27 November 2006

BUD: Analysis through Sept 2006

It was big news, back in the Spring of 2005, when Warren Buffet bought a large stake in Anheuser-Busch (BUD). We ran the numbers to determine if we could identify what led the Sage of Omaha to make this assessment. We couldn't: the numbers were lousy. So, we passed.

Mr Buffet recently cut his stake. What do the numbers look like now? They haven't improved a bit.

Cash Management: The Current Ratio is less than 0.9. Long-Term Debt / Equity is a frightening 170%. Accounts Receivable/Revenues are up to 21.1 days from 19.8 days. One positive tidbit: Inventory is 23.7 days (relative to CGS), down from 26.8 days. We can't look at the proportion of Inventory allocated to Finished Goods because BUD has stopped reporting Inventory details in their 10-Q reports (too bad; it's a good indicator).

In a statistical oddity, Revenue Growth and CFO Growth are both a tepid 4.1%. Net Income Growth? A mere 1.0% -- it had been negative after previous quarters. Revenue/Assets has increased from 91.5 to 92.8 percent; a small step in the right direction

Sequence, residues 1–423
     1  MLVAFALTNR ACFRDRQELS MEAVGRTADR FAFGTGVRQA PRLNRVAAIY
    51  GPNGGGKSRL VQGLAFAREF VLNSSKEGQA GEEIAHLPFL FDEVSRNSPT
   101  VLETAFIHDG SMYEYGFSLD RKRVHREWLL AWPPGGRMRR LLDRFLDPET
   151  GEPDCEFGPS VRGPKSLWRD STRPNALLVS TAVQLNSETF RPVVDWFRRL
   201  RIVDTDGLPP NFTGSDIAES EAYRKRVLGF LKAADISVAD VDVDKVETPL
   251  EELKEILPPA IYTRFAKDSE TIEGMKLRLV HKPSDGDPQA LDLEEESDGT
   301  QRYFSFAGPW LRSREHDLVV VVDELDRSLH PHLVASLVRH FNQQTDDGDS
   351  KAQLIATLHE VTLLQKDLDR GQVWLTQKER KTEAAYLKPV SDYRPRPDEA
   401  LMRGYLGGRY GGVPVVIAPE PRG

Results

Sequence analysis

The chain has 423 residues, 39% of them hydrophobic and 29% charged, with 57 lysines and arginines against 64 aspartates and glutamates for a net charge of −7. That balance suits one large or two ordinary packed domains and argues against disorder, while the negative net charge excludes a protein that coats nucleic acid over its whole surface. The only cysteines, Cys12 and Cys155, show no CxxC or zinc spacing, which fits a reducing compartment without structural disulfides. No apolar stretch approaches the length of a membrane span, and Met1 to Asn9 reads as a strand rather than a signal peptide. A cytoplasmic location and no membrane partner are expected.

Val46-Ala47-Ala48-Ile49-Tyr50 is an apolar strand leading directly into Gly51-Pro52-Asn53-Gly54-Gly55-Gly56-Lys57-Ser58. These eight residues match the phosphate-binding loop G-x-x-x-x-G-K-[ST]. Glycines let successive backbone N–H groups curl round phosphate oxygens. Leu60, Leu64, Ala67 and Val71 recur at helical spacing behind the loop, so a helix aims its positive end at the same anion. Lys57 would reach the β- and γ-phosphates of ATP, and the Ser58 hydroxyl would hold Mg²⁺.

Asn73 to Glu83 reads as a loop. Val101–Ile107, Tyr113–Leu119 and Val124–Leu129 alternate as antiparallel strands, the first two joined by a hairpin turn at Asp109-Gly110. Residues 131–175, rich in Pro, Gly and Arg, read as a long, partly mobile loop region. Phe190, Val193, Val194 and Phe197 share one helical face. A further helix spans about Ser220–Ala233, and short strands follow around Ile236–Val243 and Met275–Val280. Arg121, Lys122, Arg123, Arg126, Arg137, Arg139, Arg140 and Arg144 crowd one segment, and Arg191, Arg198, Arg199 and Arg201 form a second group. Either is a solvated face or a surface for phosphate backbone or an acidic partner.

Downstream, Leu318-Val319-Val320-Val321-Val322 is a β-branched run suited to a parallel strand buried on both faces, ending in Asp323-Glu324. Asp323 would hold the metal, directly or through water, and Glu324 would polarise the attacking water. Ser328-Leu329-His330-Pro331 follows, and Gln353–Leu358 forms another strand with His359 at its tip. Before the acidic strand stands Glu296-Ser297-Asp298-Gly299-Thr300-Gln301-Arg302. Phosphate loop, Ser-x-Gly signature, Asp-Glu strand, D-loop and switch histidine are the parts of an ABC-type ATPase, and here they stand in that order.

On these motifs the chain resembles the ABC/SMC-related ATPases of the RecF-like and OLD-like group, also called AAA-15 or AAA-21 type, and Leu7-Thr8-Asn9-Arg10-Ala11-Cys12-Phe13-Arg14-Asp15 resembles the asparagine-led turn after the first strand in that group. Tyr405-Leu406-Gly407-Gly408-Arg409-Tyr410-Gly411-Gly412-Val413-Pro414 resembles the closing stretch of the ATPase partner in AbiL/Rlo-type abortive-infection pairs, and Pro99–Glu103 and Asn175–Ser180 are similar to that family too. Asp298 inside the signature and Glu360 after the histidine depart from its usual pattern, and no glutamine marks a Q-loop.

The Accrual Ratio is down, which is good, to 0% from 2.7%. The Return on Invested Capital was a reasonable 16 percent, but the company previously attained 20% returns. Free Cash Flow/Equity is an eye-popping 46% (but remember that debt, not equity, dominates the company's capital base). Operating Expenses/Revenues have been oh-so-slowly inching up (so much for cost control) and are now at 82%.

The PEG ratio is about 20 (we prefer somewhere around 1.0). Weak Net Income growth hasn't affected the Price/Earnings, which continues to hold around 19. Price/Revenue is down from 2.8 to 2.4. Remarkably, for a company with next to no growth, BUD commands a premium to the S&P 500.

We like their products. They're a better value than the stock. If you own the stock, you have a more compelling reason to consume the liquid version of BUD.

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